A boat carrying migrant workers and Libyans from Tripoli arrives at the Lampedusa port, escorted by the coastguard  © Kate Thomas/IRIN
Julia Brooks - February 26, 2015

The year 2015 is off to an ominous start on the Mediterranean Sea, where at least 300 sub-Saharan migrants died last week in a failed attempt to reach Europe from Libya; the Italian coast guard rescued a further 1,100 migrants. This comes after record numbers — approximately 218,000 people — made the crossing in 2014, and 3,500 lost their lives, according to UNHCR.

“The Mediterranean has gone from being a route mainly involving migrants to being a major route for refugees fleeing war,” notes UNHCR, with Syrians making up the largest population arriving in Italy — around 22% of the total. Nonetheless, Syrian asylum-seekers in Europe only account for a small fraction (around 6%) of the rapidly growing population of approximately 3.8 million Syrian refugees spread mainly across Turkey, Lebanon, Jordan, Iraq, and Egypt. These host more...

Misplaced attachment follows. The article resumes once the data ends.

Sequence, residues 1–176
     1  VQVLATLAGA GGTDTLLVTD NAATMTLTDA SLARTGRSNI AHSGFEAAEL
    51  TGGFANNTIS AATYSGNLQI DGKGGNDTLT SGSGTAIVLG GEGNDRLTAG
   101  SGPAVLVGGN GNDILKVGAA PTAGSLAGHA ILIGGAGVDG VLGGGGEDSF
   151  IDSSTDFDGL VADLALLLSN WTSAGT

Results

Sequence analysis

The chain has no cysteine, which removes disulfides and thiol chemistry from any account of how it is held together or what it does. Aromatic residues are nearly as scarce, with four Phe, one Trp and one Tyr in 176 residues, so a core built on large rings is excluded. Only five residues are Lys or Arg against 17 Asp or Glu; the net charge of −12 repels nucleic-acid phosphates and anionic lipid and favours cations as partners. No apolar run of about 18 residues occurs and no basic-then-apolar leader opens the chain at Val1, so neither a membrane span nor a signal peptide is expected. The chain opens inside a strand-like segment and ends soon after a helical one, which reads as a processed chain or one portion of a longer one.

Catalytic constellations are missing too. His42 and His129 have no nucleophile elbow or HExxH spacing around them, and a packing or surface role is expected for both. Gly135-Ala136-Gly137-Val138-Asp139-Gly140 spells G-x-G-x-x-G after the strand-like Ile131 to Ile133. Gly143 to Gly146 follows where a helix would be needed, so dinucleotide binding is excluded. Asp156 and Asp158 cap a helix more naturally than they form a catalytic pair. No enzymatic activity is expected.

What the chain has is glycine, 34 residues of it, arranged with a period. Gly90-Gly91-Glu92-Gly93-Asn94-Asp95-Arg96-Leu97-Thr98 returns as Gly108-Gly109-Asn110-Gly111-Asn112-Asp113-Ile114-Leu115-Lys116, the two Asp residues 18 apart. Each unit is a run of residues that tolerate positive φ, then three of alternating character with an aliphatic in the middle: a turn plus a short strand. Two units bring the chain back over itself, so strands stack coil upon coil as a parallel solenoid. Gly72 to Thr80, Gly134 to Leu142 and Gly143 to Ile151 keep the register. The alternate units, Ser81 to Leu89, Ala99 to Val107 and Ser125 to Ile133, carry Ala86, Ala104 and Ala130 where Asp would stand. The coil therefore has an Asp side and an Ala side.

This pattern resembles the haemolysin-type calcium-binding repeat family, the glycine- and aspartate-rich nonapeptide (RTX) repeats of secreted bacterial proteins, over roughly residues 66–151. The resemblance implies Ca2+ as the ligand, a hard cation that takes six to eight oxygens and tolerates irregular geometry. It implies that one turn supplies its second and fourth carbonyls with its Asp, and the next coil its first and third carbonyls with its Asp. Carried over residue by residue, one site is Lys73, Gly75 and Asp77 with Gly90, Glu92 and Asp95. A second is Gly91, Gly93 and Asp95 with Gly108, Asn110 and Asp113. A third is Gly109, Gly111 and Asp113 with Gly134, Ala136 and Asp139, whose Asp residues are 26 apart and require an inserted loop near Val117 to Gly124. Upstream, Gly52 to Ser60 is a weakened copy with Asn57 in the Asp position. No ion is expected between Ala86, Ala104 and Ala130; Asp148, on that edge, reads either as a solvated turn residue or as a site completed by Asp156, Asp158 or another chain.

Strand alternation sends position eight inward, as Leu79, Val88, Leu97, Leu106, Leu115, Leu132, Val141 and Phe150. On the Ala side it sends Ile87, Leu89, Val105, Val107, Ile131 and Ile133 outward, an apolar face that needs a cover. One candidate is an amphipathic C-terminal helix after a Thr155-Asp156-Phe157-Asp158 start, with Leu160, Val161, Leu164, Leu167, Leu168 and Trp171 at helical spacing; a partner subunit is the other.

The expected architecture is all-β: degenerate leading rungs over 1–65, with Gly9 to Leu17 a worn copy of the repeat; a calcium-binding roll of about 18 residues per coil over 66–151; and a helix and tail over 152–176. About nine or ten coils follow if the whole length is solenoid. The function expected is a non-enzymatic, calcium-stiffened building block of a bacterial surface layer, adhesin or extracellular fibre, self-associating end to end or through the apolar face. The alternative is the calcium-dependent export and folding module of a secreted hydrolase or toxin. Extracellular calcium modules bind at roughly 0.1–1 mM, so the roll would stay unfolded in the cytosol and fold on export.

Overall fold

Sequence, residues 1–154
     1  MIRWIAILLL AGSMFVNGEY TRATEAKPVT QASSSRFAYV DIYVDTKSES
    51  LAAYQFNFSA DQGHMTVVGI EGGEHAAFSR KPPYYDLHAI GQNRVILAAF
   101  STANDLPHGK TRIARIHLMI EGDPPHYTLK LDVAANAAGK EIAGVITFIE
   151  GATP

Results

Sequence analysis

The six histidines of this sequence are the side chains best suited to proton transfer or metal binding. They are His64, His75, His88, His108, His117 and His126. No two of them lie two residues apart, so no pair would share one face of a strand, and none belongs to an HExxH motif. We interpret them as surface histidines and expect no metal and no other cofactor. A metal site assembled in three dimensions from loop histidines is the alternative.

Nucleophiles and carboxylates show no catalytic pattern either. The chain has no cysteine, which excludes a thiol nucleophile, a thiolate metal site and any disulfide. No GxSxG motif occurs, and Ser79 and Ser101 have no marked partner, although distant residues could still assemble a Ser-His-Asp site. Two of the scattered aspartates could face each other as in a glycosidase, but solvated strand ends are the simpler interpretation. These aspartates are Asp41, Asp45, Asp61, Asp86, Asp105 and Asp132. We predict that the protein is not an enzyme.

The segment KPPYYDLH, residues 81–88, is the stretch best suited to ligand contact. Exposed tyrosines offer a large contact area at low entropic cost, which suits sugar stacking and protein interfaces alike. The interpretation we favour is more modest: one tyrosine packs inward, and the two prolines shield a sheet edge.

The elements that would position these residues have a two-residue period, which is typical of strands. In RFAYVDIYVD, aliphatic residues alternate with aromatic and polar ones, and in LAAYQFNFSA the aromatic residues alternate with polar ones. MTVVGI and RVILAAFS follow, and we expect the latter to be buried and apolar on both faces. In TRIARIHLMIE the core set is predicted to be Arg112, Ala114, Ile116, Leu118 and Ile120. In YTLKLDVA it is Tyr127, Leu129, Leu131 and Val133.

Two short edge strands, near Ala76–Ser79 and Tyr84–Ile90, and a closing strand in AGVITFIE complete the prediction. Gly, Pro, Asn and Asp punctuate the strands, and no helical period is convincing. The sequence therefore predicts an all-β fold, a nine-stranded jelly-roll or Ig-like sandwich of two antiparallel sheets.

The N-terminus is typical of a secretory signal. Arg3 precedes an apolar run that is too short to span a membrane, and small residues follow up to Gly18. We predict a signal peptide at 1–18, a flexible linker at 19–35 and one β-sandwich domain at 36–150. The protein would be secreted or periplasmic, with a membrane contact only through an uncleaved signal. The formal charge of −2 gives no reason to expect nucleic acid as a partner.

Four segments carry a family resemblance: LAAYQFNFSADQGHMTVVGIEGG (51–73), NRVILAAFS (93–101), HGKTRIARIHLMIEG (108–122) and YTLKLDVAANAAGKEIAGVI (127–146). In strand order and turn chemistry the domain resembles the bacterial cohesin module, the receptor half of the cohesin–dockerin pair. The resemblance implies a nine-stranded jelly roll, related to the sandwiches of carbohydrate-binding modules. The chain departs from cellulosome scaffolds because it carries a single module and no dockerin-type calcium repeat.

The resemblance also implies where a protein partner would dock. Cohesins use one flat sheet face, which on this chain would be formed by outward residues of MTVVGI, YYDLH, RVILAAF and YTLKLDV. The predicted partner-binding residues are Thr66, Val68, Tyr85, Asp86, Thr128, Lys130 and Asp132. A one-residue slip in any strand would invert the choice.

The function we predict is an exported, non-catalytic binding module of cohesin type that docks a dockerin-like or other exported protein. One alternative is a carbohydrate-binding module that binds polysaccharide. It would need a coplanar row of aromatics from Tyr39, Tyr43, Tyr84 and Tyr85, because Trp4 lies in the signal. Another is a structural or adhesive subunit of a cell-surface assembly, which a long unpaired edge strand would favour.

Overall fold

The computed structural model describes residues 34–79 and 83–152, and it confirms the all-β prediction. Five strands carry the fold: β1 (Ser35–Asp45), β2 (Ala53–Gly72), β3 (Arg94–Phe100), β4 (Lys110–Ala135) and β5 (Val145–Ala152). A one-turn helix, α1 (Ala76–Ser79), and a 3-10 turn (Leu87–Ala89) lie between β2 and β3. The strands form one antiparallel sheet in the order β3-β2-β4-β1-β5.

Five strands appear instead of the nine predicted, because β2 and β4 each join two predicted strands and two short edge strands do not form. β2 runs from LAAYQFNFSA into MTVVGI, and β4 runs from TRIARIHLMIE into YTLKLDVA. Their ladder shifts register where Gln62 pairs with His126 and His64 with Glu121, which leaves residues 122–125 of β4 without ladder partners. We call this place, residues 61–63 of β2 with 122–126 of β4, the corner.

: A Pakistani humanitarian aid worker for the United Nations World Food Programme supervises Pakistani soldiers as they unload food and supplies to aid flood relief in Swat Valley, Pakistan, Sept. 5, 2010
Kristin Bergtora Sandvik - February 18, 2015

This guest blog post comes to us from Kristin Bergtora Sandvik. Kristin is a senior researcher at PRIO and a founder and director of the Norwegian Center for Humanitarian Studies. She has published widely on humanitarian technology and the challenges facing contemporary humanitarianism, and holds an S.J.D from Harvard Law School.